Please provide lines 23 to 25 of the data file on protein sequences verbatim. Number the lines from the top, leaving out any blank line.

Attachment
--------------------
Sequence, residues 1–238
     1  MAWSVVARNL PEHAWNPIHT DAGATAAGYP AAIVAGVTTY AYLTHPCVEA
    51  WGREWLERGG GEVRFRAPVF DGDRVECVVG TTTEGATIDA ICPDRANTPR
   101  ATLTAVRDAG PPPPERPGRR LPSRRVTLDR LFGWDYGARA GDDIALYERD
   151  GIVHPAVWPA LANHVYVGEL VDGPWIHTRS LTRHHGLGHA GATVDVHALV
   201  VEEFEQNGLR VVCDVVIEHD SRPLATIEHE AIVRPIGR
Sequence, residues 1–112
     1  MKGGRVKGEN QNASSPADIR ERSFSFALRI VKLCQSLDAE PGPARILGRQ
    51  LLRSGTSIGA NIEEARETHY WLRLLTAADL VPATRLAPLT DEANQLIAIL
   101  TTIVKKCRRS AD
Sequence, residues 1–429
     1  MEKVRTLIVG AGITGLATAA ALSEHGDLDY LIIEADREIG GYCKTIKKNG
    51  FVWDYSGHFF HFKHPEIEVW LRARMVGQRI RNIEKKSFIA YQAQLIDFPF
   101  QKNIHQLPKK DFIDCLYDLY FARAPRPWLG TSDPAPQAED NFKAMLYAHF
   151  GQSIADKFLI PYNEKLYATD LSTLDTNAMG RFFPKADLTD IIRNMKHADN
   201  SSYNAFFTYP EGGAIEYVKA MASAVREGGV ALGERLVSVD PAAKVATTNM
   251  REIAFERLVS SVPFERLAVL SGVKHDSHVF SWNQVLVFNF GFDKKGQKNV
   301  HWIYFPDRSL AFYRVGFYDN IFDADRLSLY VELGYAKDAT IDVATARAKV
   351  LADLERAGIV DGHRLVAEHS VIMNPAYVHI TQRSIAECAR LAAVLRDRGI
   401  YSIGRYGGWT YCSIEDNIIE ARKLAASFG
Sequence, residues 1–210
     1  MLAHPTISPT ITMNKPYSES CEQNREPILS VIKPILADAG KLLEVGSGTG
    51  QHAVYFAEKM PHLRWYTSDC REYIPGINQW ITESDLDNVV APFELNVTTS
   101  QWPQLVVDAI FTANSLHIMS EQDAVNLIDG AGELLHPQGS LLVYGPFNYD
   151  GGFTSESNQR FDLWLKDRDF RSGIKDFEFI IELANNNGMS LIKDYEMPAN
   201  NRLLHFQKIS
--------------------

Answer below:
    51  QHAVYFAEKM PHLRWYTSDC REYIPGINQW ITESDLDNVV APFELNVTTS
   101  QWPQLVVDAI FTANSLHIMS EQDAVNLIDG AGELLHPQGS LLVYGPFNYD
   151  GGFTSESNQR FDLWLKDRDF RSGIKDFEFI IELANNNGMS LIKDYEMPAN